La asociación ha elaborado un informe sobre la situación de los no musulmanes en Iraq:
¿Alguien está oyendo? ¿O todos vamos con los cascos puestos, muy confortables porque todavía podemos oír música?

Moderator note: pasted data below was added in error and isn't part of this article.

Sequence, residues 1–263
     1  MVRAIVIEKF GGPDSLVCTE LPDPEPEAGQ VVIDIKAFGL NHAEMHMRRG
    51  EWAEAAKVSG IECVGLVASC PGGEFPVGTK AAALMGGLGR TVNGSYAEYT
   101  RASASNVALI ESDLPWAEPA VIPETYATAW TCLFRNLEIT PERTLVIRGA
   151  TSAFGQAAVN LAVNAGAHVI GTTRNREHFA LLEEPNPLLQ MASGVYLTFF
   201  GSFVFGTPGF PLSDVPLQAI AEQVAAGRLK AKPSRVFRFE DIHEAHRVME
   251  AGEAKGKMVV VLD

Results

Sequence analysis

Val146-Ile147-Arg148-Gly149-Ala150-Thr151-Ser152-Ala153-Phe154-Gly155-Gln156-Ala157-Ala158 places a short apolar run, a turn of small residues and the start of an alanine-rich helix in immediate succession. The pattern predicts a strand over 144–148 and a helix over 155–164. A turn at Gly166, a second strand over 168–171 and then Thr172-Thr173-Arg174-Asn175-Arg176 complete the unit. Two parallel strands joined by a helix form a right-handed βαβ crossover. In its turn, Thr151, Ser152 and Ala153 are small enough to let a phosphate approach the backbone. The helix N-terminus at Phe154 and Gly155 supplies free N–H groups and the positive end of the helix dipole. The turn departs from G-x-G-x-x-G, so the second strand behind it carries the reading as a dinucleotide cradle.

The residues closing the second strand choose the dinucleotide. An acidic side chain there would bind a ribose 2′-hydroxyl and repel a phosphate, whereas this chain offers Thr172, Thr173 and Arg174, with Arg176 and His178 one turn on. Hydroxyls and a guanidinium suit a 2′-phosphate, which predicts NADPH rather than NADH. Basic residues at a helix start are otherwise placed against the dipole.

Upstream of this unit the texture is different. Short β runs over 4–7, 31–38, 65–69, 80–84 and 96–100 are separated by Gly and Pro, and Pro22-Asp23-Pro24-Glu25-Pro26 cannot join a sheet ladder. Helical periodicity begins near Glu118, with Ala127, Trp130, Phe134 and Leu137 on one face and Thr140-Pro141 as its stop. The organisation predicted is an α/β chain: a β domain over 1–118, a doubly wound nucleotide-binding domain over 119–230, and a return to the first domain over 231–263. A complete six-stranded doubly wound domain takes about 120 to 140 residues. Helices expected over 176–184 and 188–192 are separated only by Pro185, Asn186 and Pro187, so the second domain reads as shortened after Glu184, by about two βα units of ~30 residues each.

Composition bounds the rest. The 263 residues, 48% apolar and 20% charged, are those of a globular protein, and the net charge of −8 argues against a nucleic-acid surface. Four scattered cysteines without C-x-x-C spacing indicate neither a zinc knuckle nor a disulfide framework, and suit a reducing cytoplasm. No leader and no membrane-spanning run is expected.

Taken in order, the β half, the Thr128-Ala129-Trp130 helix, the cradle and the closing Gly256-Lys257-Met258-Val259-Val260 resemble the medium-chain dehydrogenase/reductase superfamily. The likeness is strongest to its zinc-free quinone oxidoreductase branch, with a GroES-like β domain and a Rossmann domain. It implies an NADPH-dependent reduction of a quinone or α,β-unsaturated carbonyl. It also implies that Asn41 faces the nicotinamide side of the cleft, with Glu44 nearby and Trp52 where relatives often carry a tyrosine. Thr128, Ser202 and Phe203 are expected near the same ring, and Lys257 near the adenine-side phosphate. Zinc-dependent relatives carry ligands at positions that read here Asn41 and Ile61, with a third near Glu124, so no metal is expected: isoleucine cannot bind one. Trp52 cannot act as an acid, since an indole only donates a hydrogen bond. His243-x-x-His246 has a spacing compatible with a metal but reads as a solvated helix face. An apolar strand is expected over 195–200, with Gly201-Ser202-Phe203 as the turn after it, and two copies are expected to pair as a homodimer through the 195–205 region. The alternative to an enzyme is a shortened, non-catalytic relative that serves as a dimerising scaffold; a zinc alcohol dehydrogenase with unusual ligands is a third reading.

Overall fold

The Islamic State’s desecration and destruction of historic sites of religious and cultural heritage is unprecedented in Iraq. In Mosul, IS has turned an 800-year-old house of worship into a place of torture. Another church in Mosul that has existed for 150 years is being utilized as a prison, and yet still another is serving as a weapons storehouse. All of the religious and ethnic minorities in Iraq face this deplorable reality. Yezidis note that this is the 73rd intentional targeting of their community. What has changed with the Islamic State is the speed and scope by which these religious and ethnic communities are being decimated. The Nineveh Plains had been one of the last relatively safe havens for Christians, Yezidis, Shabak, Turkmen and other minority groups, but with the fall of Mosul and surrounding areas in the summer of 2014, Iraq’s minorities have no place to go and are nearing the precipice of total disappearance.